Truck accidents typically cause much more damage than ones involving cars, namely due to the difference in the weight and size of the vehicles. Therefore, truck accident cases typically take more time to investigate and file claims for. As a result, the time invested to receive compensation can be greater in truck accidents versus car accidents – but the compensation received is typically more in a truck accident than car accident.

The Major No-Zones Include the Following:
Side No-Zone: This is the blind spot area to either side of the truck, which is significantly larger than a regular car’s blind spots. To avoid a side No-Zone, drivers should avoid hanging out next to a truck—especially on the right, where the No-Zone is larger. As a general rule of thumb, if you can’t see the driver in the side-view mirror, they can’t see you.

Rear No-Zone: Tailgating is bad driver behavior with any vehicle, but can be especially dangerous with large commercial trucks where the truck driver cannot see your car behind them. Keep in mind that truckers do not have the benefit of a rear-view mirror as the trailer blocks it; instead, they have to rely on side-view mirrors.

Front No-Zone: Due to their large size, it takes considerably longer for a truck to come to a complete stop; in fact, many of them need twice as long as a regular passenger vehicle. For this reason, drivers should always avoid swerving or “cutting” in front of a truck as it could result in a rear-end accident.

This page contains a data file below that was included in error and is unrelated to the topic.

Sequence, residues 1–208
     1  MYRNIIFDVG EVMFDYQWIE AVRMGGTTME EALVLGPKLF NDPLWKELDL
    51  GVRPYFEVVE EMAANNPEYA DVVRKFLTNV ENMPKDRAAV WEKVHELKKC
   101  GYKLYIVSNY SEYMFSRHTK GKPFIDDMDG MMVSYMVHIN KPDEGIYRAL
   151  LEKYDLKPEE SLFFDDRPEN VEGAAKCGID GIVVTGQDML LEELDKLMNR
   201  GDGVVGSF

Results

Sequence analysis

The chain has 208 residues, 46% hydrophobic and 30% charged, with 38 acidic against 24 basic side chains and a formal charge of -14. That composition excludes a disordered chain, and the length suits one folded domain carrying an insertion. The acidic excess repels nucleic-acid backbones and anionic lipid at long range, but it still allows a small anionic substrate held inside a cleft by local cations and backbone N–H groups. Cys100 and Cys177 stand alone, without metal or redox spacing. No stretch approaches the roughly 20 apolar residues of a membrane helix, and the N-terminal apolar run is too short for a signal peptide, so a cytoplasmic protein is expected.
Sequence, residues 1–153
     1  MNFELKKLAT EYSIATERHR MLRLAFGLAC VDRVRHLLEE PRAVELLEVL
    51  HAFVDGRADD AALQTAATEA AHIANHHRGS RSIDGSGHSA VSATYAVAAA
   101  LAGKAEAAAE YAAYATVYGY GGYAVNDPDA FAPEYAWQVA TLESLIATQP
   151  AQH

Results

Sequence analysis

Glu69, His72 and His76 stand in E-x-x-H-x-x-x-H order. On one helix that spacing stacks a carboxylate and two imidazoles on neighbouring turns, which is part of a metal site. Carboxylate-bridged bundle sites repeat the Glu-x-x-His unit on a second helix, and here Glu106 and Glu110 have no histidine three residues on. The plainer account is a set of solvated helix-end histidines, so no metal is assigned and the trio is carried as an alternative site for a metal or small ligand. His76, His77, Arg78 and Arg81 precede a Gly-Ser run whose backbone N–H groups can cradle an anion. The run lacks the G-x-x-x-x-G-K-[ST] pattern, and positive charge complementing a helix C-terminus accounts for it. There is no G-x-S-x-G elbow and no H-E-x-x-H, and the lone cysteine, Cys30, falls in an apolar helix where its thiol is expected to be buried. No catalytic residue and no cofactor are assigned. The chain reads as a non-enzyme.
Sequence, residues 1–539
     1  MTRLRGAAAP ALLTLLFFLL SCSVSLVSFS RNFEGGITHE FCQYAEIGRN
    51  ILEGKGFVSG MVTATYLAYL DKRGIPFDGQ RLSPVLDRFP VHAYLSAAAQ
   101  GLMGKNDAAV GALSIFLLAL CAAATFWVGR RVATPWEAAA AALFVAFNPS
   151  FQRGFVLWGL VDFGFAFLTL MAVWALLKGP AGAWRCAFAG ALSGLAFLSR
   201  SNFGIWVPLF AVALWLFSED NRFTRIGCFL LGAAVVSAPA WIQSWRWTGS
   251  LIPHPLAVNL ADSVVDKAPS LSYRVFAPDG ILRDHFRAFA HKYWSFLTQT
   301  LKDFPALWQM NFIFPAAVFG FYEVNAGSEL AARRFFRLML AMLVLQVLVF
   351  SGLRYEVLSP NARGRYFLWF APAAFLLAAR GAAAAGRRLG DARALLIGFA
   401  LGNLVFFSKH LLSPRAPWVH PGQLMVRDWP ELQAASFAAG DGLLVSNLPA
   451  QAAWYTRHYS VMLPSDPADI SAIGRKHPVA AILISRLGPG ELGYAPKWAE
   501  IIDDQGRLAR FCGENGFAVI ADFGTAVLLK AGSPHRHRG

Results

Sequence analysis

It depends on whether an employment relationship is established between the truck driver and the trucking company. If a relationship can be proven, the company can be held legally liable for the driver’s negligence.

Establishing the liability of a company can be more difficult if a truck driver is an independent contractor of the company. In cases such as this, the main factor in determining if the trucking company can be held liable is the amount of supervising exercised by the company.

In order to get compensation, an attorney will need to show the truck driver failed to use due care in the operation of the truck. Typically, in cases where serious injury has resulted, a plaintiff will have claims for pain and suffering, negligent and/or intentional infliction of emotional distress, and loss of consortium.
Commercial trucks in Georgia are subject rules and regulations set in place by the Federal Motor Carrier Safety Administration. The organization has established rules for licensing requirements, electronic logging devices, training and physical requirements, hours of operation, drug testing, cargo standards, and more.